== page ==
Anyone who offers such excuses for career politicians may be serving the Democratic Party very well, but is serving simple democracy very poorly. For years to come the legal situation for gay people will be a haphazardly built shack rather than a public shelter. In this cold climate, we are told we are lucky to be given the castoff rags of charity, but even the rights we gain are subject to the outrageous veto power of volatile voters. Majoritarian referendums on basic human rights such as kinship and marriage do not occur simply because the far right has the most clever strategies and the biggest donors. On the contrary, these injustices are also the creation of every citizen who accepts the old brutal code of Realpolitik, a code which has long kept in power an unelected corporate government and two parties devoted to the crass amorality of the “free market.” Only in such a moral and political climate can we be so careful to protect the careers of politicians and so careless in defending social solidarity.
Civil unions for queers, and marriage for everyone else—that solution, too, is often proposed. And it may sound so practical and so simple. But this “solution” is also the very definition of first- and second-class citizens. This leads directly to enshrining principles of segregation once again in civil law, however genteel the excuses and the provisions may be.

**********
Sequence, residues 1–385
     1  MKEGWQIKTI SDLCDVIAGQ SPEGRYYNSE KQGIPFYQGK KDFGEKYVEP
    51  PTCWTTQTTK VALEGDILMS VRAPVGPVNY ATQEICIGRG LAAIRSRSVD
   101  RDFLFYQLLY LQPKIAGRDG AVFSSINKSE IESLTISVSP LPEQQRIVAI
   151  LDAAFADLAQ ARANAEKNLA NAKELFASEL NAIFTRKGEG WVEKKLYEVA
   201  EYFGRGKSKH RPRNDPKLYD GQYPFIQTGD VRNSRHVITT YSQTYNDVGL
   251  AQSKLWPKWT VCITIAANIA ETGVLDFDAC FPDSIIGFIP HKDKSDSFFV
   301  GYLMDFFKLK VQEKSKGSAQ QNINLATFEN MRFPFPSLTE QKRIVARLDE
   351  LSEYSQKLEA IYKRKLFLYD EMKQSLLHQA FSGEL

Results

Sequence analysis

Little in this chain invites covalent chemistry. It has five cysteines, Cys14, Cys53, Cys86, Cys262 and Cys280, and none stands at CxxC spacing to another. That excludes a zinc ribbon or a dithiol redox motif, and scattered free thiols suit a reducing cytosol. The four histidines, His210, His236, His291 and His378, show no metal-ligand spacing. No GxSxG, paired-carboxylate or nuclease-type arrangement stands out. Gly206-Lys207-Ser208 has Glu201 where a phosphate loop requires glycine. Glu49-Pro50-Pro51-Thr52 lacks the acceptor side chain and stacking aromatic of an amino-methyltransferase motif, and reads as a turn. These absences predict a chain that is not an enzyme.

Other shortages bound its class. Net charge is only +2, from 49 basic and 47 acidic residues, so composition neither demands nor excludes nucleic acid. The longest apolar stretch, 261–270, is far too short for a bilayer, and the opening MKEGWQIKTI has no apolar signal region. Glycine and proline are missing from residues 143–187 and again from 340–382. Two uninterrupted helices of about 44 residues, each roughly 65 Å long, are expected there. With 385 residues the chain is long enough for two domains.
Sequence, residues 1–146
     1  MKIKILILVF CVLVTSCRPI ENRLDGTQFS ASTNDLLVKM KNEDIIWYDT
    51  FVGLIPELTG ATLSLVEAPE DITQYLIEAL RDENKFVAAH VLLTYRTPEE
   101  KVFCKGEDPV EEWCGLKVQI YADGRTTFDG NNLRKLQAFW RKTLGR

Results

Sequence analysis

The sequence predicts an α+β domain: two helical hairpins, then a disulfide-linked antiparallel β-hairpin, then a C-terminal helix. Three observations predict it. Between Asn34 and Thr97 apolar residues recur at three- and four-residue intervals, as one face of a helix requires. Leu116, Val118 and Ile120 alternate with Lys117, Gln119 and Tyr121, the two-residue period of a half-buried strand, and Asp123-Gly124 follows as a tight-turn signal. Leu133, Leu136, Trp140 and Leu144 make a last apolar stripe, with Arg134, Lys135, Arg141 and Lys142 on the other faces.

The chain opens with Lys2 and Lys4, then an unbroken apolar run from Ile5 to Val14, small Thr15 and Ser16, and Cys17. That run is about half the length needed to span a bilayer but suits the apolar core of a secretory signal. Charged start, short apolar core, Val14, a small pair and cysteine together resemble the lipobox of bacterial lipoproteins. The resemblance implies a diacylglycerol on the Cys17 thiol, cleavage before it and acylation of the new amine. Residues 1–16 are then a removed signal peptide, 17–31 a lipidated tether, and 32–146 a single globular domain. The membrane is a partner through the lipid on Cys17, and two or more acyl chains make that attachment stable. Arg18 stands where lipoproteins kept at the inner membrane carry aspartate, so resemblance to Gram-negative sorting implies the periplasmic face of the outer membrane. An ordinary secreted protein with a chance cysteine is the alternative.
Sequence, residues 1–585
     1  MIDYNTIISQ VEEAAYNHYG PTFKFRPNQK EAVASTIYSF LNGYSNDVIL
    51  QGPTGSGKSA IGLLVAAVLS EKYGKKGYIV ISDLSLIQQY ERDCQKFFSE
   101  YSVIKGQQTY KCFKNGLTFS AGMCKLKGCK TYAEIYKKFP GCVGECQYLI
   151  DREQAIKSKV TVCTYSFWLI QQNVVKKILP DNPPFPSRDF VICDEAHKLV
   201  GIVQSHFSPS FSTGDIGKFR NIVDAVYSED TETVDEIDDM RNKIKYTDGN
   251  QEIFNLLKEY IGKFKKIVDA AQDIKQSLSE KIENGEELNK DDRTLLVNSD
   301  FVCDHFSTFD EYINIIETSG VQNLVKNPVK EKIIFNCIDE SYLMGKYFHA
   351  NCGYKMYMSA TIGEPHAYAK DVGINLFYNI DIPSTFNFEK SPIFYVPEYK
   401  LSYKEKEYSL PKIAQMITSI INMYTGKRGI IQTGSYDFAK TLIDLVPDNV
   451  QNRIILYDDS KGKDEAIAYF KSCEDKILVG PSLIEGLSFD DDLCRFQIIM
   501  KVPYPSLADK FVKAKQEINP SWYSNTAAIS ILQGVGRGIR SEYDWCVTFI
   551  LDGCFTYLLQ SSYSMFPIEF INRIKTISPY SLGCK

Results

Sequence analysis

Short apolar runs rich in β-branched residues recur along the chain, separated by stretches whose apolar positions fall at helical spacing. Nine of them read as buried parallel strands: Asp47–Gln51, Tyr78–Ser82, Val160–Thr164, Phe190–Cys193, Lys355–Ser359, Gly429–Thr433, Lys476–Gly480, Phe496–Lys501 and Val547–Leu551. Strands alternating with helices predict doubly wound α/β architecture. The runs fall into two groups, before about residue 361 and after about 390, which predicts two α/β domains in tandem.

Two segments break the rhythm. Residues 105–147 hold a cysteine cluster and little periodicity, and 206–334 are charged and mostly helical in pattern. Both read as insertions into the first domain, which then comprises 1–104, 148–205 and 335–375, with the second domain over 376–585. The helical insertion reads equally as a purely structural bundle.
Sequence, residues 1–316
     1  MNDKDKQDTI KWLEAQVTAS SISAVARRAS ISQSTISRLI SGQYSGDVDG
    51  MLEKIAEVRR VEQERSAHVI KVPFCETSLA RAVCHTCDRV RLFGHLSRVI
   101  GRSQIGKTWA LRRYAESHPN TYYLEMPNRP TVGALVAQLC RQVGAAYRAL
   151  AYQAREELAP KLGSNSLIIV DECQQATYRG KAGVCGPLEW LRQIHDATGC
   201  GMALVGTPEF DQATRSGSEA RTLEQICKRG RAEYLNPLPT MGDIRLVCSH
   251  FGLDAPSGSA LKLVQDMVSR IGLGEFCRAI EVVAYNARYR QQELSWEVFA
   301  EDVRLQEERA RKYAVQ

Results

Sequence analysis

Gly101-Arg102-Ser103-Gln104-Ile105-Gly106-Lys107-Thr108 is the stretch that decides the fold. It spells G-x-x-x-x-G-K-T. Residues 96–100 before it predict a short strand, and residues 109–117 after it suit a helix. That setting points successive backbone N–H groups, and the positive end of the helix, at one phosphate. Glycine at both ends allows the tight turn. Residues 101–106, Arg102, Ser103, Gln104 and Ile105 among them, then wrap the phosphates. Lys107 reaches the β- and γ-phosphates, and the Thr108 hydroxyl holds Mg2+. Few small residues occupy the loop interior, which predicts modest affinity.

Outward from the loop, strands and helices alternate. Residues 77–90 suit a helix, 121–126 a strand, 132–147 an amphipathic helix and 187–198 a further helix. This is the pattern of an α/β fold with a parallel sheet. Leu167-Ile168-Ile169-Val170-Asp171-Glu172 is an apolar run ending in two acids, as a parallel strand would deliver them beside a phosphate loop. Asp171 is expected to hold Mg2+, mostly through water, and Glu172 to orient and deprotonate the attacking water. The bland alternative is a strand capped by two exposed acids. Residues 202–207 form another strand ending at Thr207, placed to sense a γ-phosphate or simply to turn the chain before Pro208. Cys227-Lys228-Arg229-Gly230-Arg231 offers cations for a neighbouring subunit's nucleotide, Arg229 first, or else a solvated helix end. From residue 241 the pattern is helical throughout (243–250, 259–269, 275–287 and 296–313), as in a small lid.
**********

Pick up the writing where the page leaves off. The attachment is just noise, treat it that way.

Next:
Nor do civil unions, when proposed in this manner, achieve the aim of bypassing theological debates over the nature of marriage. That never happens, neither in the court of public opinion nor in courts of law. One pointed example will serve here, and it concerns a glossy, full-color broadside distributed to many thousands of homes in Los Angeles during the public battle over Proposition 8. The proponents of Prop. 8 quoted the words of Obama and Vice President Joe Biden on this ad. Obama was quoted saying “I’m not in favor of gay marriage” when interviewed by Chris Matthews of MSNBC on April 2, 2008. Obama was also quoted telling a candidates forum at Saddleback Church in Southern California on Aug. 16 of that year “that marriage is the union between a man and a woman. … Now, for me as a Christian, it’s also a sacred union. God’s in the mix.” Biden was quoted in the vice presidential debate of Nov. 2, 2008, saying, “Barack Obama nor I support from a civil side what constitutes marriage. We do not support that.” Biden was hardly eloquent or precise, but his meaning was construed by the proponents of Prop. 8 to suggest that even civil unions were opposed by Obama and Biden. The right wing did not bother noting that Obama had endorsed civil unions and opposed Prop 8, but was glad to pick up the other ammunition that the Democratic Party had left in easy reach.